EDSAC: The first stored-program computer

Antonio Pérez Villaescusa

The EDSAC was built in Great Britain, in the Cambridge University after the WW2.

Great Britain had developed a wide experience in computing due to their eagerness to decipher the secret Nazi codes.

For that, numerous cryptography centers were established like Bletchley Park where Ian Turing worked.

There was already an interest for these machines in the scientific community and one of the people interested was Maurice Vincent Wilkes.

Wilkes knew that the Moore School in United States, were building an electronic computer. Such was his interest that when his friend Williams came back from a trip to that school, he gave him the “EDVAC Report” which was a report written by John Von Neumann where he described the building of such computer.

With the information of that report and the attendance to some conferences at the Moore School, Wilkes was ready to build his own electronic computer. For that, he gathered a group of people he trusted who were experts in their field. The team was formed by Wheeler, Chamberlain, Gold, among others.

The different components that formed the EDSAC were:

Vacuum tubes: the vacuum tubes or thermionic valves were an electronic device used to regulate the flow of electrons that went through the machines. They consist of a capsule made of glass or steel and its interior is made of at least three elements: one thread that when it is connected to the power it heats up; one plaque that surrounds the thread and acts like a cathode (electrons transmitter) and another plaque called anode that surrounds the cathode and collects the electrons that come out of the cathode. The cathode is connected to the negative power so it is full of electrons which will be emitted and gathered by the anode (connected to the positive power). The cathode heats up so the electrons are overexcited and they can abandon their atoms. The electrons that go out of the cathode will go through the void reaching the anode.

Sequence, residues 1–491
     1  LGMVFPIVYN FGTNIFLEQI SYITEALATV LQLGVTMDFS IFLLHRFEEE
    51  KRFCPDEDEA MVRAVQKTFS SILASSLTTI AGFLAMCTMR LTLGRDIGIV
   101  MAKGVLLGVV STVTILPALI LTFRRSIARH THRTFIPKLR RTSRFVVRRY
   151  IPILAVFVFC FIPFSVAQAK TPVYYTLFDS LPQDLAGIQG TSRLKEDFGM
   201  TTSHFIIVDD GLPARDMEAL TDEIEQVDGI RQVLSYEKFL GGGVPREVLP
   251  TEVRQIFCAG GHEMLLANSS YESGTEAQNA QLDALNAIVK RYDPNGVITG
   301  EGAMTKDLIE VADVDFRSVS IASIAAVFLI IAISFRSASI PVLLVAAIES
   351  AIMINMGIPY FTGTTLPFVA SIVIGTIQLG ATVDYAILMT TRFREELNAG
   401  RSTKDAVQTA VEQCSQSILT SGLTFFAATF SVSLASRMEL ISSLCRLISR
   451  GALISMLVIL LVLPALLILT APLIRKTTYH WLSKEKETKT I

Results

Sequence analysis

Delay line memory: this type of memory retain the information like this: the electric signals are transformed into sound waves and they are introduced in the tubes. These waves travel through the mercury until they are used. Before leaving the tube, they are converted again into electric signals. This conversion of electric signals into sound waves and vice versa, are made by a quartz crystal places in each one of the extremes. It was usual to assemble various delay lines to form what it is knows as a battery or delay line tanks.

Here is a video to understand better the working of the machine

Cathode ray screen: it was possible to visualize the content of the delay line memories in a cathode ray tube (CRT), which is a vacuum tube containing one or more electron guns, and a phosphorescent screen used to view images. It has a means to accelerate and deflect the electron beam(s) onto the screen to create the images. The images may represent electrical waveforms (oscilloscope), pictures (television, computer monitor), radar targets or others.

punched tape reader: to introduce the programs to the machine, a tape lector which was connected to the memory was used. The tapes in which the program was previously punched were introduced. The EDSAC had a 5 tape lector battery that operated at 50 characters speed.

Teletype: it was together with the cathode ray screen the output of the EDSAC. It was a telegraphic dispositive of data transmission. The teletype used originally had an approximate write speed of six digits.

To control the machine, the programmer had a control panel with the following buttons:

  • Start: it loads the initial orders and then reads the tape where the program is.
  • Clear: when this button is pressed, all the stored bits in the memory were down to 0. This guaranteed the consistency of the results.
  • Stop: it stops the execution of the program.
  • Single Step: if this button is pressed and the machine is not working, it executes the instructions one by one.